A cap that cools the brain could mean a better night’s sleep for insomniacs.
The cap pumps a liquid coolant round the front of the scalp and the forehead.
This chills the prefrontal cortex, a part of the brain thought to play a role in prompting deep sleep.
Tests show insomniacs have higher levels of activity in this part of the brain at night than those who have no trouble nodding off.
But cooling the brain seems to dampen this activity and allows it to switch off properly for a good night’s sleep.
Eight volunteers wore the cap for an hour before bedtime and the first hour of sleep, after which researchers removed it.
Scans taken during the night showed wearing the cap caused a marked decline in brain metabolism, the rate at which cells in the frontal cortex process sugars and chemicals in the blood.
Six of the volunteers reported more refreshing sleep, fewer distracting thoughts at bedtime and waking up less in the night.
One in four people is affected by insomnia – most have ‘primary’ insomnia, an inability to fall asleep because of worries or stress.
Secondary insomnia, which is due to existing illness or a side-effect of prescription drugs, is less common.
Lots of money are being spent every year towards sleeping pills. Many sufferers rely on drugs such as benzodiazepines, which act as tranquillisers, to help them.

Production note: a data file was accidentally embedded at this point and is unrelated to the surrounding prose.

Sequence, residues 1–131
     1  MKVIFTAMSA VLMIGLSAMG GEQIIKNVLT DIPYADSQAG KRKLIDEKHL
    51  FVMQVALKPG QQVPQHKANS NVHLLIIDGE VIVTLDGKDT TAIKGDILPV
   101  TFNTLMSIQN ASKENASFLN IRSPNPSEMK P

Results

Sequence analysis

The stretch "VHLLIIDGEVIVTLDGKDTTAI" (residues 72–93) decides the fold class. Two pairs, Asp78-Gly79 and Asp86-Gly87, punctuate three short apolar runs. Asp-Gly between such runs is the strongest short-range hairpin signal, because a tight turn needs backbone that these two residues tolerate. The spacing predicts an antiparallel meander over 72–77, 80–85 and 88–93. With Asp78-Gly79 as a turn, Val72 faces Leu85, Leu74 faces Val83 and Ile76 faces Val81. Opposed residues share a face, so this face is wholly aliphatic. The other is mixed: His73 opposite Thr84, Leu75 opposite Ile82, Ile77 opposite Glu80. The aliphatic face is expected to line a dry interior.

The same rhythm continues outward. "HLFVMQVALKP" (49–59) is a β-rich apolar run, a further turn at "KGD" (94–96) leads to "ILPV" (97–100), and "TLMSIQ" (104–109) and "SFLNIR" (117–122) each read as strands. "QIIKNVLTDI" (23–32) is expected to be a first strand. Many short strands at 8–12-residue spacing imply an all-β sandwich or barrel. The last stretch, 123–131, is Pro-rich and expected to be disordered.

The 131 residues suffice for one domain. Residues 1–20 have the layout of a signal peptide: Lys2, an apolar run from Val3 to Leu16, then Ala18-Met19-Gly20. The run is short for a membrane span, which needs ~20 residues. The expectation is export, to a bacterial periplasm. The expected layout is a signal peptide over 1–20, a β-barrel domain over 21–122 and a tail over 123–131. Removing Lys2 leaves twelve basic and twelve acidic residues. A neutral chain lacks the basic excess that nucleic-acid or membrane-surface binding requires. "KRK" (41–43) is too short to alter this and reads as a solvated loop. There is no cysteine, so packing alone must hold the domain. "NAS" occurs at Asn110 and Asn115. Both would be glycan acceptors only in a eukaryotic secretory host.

In England alone, there are ten million prescriptions for sleeping pills every year.
Yet the drugs can have side effects, such as memory and concentration problems, and make you more likely to have an accident.
In the search for drug-free alternatives, scientists at the University of Pittsburgh have spent the past few years studying the brain’s metabolism at night.
They found insomnia patients have increased activity, especially in the frontal cortex. Essentially, their brain cells continue to work at full capacity at night when they should be resting.
Professor Eric Nofzinger, who led the research, said they then searched for ways to slow the brain’s metabolic rate. ‘That’s when we came across cerebral hypothermia or brain cooling,’ he says.
This technique is already used in medicine. Researchers first discovered its benefits ten years ago, when they found babies starved of oxygen at birth had a better chance of survival if their brains were quickly cooled from the normal temperature of 37c to 32c.
This stops brain cells from committing suicide when deprived of oxygen.
Scalp cooling is also used as a way to minimise hair loss in cancer patients undergoing chemotherapy.
Professor Nofzinger and his team recruited eight patients with primary insomnia and scanned their brains to measure activity levels in the frontal cortex at night.
They then used the cooling cap to see if it made a difference.
The results, presented at a recent conference in Seattle, showed a significant drop in activity levels once the brain was chilled.
‘There was an increase in deeper, restorative sleep, feelings of relaxation and a reduction in distracting thoughts before sleep,’ says Professor Nofzinger.
But British sleep specialists say there are simpler ways to cool the body to aid sleep.
Professor Jim Horne, from Loughborough University, says that a bedside fan that blows cool air over the face can help.
As cooled blood from the cheeks flows back to the heart, it runs alongside an artery transporting warmer blood in the other direction to the brain.
‘It’s like having a hot water pipe next to the cold pipe,’ Professor Horne says.
‘Cooler blood enters the brain and leads to better sleep. A gentle breeze over the face is all that’s needed.’
Source: Mail Online. 14th. July.2009